Querying by Gene Symbol provides for cross-species accumulation of annotations,
but can be error prone.
Reviewed (i.e. Swiss-Prot curated)
Uniprot accessions are retrieved from Uniprot using the search format query=
(gene_exact:\"YourGeneSymbol\"). The search is
not case-sensitive. For example, querying Dmd or DMD will retrieve all of
, then subcellular localization will be predicted based on prioritization
of their accumulated Uniprot and Gene Ontology annotations.
Querying by Gene Symbol is error prone because multiple genes can share the same Symbol.
For example, querying 'F10'
annotations for both
Coagulation factor X and a
centrosome/spindle pole-associated protein FAM110A.
Uncheck the above box to accumulate annotations for genes matching each Symbol
across all species, but be aware that the risk of crossed identifiers is high (e.g.
for all species could prioritize the vesicle localization of the yeast
Arrestin-related trafficking adapter 3 rather than the membrane localization of the
For robust species-specific queries, use one of the other ID types.
CellWhere can retrieve localization terms from both the Uniprot
"Subcellular location" field and from the Gene Ontology
Cellular Compartment annotation.
Each have their advantages: in general, Uniprot is more conservative,
but the Gene Ontology has a greater depth. The Gene Ontology
tends to be inclusive of all published locations, even locations which
may be rare for a given protein. For example, the protein Dystrophin
is most studied at the membrane of muscle cells and
[its Uniprot Subcellular location]
restricted to this. However, the Gene Ontology lists
[several related and
sometimes more specific Cell
including the 'dystrophin-associated glycoprotein complex'
and 'Z disc', but also
'Filopodium' which has been reported not in muscle cells but in platelets
the user guide
for other examples).
We suggest that UniProt alone be used to retrieve the more classically known location(s), but we recommend retrieving
both Uniprot and GO locations if you will use a prioritization flavor to
guide CellWhere towards your research interests.
In the output graph, CellWhere will place each protein at a location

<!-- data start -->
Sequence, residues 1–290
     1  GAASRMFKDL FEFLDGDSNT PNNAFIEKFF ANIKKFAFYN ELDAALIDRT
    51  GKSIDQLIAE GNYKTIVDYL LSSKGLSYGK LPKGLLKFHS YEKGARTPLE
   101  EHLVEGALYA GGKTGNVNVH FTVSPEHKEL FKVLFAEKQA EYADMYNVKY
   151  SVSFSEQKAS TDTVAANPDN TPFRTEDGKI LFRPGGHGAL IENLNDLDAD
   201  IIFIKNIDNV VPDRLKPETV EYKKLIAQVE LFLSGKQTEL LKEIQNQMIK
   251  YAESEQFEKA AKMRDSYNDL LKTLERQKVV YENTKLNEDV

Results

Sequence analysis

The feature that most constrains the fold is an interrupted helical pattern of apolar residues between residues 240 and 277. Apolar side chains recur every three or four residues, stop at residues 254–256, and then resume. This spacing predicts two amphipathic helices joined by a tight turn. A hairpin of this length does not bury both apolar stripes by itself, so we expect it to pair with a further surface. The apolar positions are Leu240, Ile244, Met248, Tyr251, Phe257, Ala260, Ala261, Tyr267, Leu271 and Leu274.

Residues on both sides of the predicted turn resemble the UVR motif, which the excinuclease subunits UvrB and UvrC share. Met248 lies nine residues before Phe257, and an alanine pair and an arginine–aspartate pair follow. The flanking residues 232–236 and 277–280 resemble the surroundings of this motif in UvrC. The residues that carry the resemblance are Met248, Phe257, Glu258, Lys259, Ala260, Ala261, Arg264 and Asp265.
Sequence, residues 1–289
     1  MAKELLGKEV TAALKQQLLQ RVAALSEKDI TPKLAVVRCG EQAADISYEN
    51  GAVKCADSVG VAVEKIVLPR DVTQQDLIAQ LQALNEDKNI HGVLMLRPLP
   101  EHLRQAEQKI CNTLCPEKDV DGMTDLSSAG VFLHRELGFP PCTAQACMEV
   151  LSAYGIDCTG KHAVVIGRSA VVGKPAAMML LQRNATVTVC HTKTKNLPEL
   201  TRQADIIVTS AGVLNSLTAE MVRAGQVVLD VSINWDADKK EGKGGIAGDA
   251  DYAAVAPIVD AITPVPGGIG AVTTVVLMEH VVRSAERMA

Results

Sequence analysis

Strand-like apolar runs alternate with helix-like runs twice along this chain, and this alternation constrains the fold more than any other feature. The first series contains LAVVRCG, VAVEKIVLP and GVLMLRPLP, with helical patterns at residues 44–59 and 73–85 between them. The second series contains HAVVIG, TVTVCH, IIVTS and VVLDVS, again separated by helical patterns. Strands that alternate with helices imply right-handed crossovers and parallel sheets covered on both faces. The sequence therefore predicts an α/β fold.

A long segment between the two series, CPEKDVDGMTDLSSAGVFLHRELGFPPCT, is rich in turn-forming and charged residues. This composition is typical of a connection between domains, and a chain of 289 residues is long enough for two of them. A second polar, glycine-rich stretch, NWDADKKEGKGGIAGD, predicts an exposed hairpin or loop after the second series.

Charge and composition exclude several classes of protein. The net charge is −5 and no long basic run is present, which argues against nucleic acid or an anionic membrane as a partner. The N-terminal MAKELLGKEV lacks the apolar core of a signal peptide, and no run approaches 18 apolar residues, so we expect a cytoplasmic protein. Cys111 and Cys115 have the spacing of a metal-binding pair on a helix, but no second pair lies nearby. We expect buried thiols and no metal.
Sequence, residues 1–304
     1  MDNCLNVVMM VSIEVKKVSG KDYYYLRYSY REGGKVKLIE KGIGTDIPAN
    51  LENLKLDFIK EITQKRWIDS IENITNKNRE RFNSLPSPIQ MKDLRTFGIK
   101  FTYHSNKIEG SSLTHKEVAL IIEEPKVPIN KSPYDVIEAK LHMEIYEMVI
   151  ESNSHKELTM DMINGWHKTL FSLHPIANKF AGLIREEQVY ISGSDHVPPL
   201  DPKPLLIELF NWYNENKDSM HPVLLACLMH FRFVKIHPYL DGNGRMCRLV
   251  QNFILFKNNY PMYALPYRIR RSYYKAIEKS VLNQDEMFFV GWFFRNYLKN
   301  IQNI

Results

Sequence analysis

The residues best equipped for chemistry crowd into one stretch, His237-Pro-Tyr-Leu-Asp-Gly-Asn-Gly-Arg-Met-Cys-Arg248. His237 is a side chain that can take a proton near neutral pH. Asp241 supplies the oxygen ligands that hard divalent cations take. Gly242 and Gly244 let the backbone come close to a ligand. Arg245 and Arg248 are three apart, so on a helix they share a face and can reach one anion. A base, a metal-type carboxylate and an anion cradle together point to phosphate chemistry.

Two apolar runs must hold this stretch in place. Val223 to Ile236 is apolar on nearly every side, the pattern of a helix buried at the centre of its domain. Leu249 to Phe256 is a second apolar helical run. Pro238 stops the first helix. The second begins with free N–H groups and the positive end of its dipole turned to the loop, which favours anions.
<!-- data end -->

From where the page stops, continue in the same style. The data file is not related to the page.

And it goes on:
in the cell. For proteins with multiple location annotations, CellWhere must choose which locations to display. The generic
based on the number of times each location is annotated to that protein. It may duplicate a protein node to display it at
more than one location if the annotation frequencies are closely matched. The flavor option chooses based on which
location is of most relevance (i.e. has the highest 'priority score') for a given area of research, and it selects only one location
for each protein.
mapping file tells CellWhere how to map terms from UniProt/GO to CellWhere localizations, and sets the priority scores
the user guide for more details).
The flavor file also tells CellWhere's
network viewer how to display different localizations relative to each other.
You can either select a pre-loaded flavor, or control each of these steps by creating your own flavor.
To create your own flavor,
download the tab-delimited template (or any of the flavor files listed under downloads in the menu) and give
higher priority numbers to the localizations
that interest you, then upload it in the field above. You can also change the localizations
themselves (the 'OurLocalization' column). Just be careful of the following:
(1) don't alter the first two columns
(2) don't give the same priority number to more than one
of your mapped localizations
(3) don't attribute more than one spatial relation to a mapped localization
(4) don't invent your own spatial relation terms (though feel free to re-attribute the ones that are already